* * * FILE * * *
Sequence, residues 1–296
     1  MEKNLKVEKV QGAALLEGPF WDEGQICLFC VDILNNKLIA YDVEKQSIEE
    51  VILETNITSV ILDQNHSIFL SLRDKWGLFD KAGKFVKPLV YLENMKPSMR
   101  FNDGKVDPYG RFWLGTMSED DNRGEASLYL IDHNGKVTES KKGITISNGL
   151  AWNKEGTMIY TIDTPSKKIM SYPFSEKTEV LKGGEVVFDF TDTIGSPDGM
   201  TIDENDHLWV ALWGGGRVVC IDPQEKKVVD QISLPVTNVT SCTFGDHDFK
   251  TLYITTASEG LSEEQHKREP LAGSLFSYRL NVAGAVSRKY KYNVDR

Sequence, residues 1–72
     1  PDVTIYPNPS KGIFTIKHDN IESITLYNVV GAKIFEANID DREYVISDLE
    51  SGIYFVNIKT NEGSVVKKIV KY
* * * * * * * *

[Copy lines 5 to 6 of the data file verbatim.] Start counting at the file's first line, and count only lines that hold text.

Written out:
   151  AWNKEGTMIY TIDTPSKKIM SYPFSEKTEV LKGGEVVFDF TDTIGSPDGM
   201  TIDENDHLWV ALWGGGRVVC IDPQEKKVVD QISLPVTNVT SCTFGDHDFK